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These best stories of the comic books are preceded by their issue number.
T-Men ran in Target Comics, from #1 (Vol. 1 #1) (February 1940), through #9 (Vol. 1 #9) (October 1940). It is unclear what relation the comic book series has, if any, with the famous and much later movie directed by Anthony Mann, T-Men (1947), which also deals with Treasury Agents.
Our hero is macho but clean cut, in a long tradition of government agents. In his next-to-last story, "The Mail Order Robbery" (#8, September 1940), he goes to a "tough hangout" on a case, The Green Cat bar, and orders milk. I do not drink either, or approve of alcohol, a vicious drug that has ruined countless lives. Very few comic book heroes of any era drank. They were tough as nails, and often involved with extremely rough criminals, but they generally completely avoided alcohol and tobacco. A good thing, too!
Return of the Octopus (1940). Writer: E. F. Webster. Art: Joe Simon. A kidnapping to solve takes the T-Man to a creepy funeral parlor, then a boat. First appearance of T-Man Chick Farrell, and his partner from the regular police Bill Madden. I have no idea why the series suddenly introduces new protagonists here, after the first two stories about T-Man Turner. Still, the new protagonists are appealing, and better characterized than the early not-so-hot tales about Turner, who is not seen or mentioned here or in the next issue.
This is mainly an action tale. It offers some thrills at both of its main locations. It also nicely sets up Bill Madden as comedy relief.
The Counterfeit Lottery Ring (1940). Writer: E. F. Webster?. Art: Joe Simon. Title for this titleless story supplied by the Grand Comics Database. Chick Farrell and partner Bill Madden track down crooks who are counterfeiting lottery tickets. This is the second and better of the two tales about Farrell and Madden.
Well done mystery that shows ingenuity on the part of Farrell, in his scheme to locate the crooks' hide-out. Farrell is blindfolded and taken to a hide-out whose location he does not know; later he has to figure out where it is. Some prose mystery short stories in pulp magazines offered somewhat similar problems to their heroes: T.T. Flynn's "The Letters and the Law" (1936) and Roland Phillips with "Death Lies Waiting" (1944). Phillips' and Flynn's solutions and handling of the situation will be very different, from each other's and this comic book tale.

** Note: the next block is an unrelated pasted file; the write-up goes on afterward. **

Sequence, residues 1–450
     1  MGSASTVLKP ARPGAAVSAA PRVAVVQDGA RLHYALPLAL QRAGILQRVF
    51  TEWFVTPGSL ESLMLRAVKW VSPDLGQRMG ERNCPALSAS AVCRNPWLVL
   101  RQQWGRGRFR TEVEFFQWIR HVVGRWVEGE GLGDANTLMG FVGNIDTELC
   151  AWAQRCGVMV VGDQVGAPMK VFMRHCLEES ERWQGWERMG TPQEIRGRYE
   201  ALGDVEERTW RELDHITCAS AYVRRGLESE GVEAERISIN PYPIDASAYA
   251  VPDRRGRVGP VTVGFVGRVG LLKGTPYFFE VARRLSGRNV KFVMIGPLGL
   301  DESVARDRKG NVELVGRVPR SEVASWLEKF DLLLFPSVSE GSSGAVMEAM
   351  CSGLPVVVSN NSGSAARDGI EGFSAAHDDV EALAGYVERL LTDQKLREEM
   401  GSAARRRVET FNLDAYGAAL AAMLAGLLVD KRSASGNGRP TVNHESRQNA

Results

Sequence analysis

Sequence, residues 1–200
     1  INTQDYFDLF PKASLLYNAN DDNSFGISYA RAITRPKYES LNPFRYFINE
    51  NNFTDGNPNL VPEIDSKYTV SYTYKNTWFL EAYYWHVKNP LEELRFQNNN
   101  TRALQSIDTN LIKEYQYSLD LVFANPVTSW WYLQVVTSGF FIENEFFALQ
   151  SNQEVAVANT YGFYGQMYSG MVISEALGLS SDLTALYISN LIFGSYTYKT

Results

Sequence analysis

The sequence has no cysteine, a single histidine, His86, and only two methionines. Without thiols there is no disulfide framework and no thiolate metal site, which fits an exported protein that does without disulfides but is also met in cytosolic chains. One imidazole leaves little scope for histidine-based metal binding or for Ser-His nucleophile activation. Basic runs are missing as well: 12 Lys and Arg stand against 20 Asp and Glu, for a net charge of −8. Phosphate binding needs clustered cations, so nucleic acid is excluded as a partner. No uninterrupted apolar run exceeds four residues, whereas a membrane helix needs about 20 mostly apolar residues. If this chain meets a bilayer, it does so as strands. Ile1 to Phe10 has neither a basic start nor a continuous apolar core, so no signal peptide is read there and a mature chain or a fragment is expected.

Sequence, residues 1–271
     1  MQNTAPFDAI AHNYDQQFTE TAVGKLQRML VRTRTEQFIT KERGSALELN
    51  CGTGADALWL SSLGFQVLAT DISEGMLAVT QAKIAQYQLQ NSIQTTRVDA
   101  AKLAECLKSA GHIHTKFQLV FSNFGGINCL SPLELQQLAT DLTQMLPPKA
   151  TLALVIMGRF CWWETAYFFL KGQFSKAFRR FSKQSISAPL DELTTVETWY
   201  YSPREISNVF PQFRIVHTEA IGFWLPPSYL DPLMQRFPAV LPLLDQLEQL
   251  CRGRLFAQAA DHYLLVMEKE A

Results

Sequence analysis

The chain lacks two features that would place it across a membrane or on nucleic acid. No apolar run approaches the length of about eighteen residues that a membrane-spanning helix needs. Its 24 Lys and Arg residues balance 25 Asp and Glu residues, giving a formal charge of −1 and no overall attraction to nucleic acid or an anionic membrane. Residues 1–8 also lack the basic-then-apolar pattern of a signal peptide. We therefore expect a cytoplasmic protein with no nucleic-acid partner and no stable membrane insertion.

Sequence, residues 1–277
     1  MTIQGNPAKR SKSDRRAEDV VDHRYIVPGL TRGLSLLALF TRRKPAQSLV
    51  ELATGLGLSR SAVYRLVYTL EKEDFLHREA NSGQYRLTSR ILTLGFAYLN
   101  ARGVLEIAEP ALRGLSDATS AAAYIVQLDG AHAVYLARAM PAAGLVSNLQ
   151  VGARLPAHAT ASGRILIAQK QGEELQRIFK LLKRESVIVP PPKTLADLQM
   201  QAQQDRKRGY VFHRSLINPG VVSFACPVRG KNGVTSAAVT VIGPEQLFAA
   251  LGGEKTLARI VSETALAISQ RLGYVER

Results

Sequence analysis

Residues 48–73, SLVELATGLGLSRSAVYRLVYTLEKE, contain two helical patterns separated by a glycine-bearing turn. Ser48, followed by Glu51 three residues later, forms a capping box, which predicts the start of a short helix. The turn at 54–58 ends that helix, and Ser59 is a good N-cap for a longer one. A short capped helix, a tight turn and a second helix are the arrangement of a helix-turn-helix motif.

The story also has excellent comedy relief with Bill Madden, including some nifty dialogue.
Monk the Diamond Smuggler (#5, (Vol. 1 #5) June 1940). Writer: E. F. Webster?. Art: Ben Thompson. Title for this titleless story supplied by the Grand Comics Database. T-Man Turner goes after smugglers in a New England fishing village. Minor tale, pleasant enough. T-Man Turner returns here, and will be the lead for the rest of the series. T-Man Turner actually goes under cover here, as a painter in the picturesque village. Painters were supposed to have an affinity for the new England seaside, and a painter's role will not be uncommon for male characters of the era.
The High Sierra Gold Robbery (#6, (Vol. 1 #6) July 1940). Writer: ?. Art: Larry Antonette. Title for this titleless story supplied by the Grand Comics Database. T-Man Turner is aboard when a train carried government gold is wrecked and robbed. The best parts of this OK tale focus on technology, both in the train wreck, and the subsequent lab work Turner uses to detect the criminals.
This story shows T-Man Turner using planes, boats, trains and other glamorous means of transportation in his crime fighting. Such vehicles were popular in 1930's crime-fighter comic strips and comic books.
The Construction Saboteurs (1940). Writer: ?. Art: Larry Antonette. Title for this titleless story supplied by the Grand Comics Database. When a building collapses due to construction problems, T-Man Turner investigates and tries to find the culprit. Like many of the T-Men stories, this one opens with an exciting action scene, here showing the collapsing wall. Then the story shifts into detective mode. T-Man Turner regularly uses high-tech work in his government labs to analyze evidence. The lab work in this tale is especially rich and varied. He also engages in some code breaking work. These technical analysis scenes are the best part of the story. They anticipate the high-tech techniques used by government agents in the semi-documentary crime films put out by Hollywood in the later 1940's. These T-Men comic book tales were earlier than most, but not all, of the semi-doc films: please see the chart showing the history of the semi-doc film. The industrial setting here (the construction site) also anticipates the many industrial locales in the semi-documentary films. The semi-doc films tended to use industrial areas for their big finales; this comic book tale uses the construction site for its opening.
The story has a logically constructed if fairly simple mystery plot, as well.
T-Man Turner is described here as an "undercover agent" of the Treasury. He certainly is a Treasury Agent here, making full use of his governmental powers and lab facilities. But he does not seem to have any sort of "undercover" role in this tale. He always seems to be investigating in his own persona as T-Man Turner. By contrast, the heroes of the film T-Men (1947) take on actual undercover roles, posing as crooks and infiltrating a gang of counterfeiters. True undercover roles were common in early comics books; such Jerry Siegel heroes as Slam Bradley and Spy often undertook them; so did Speed Saunders.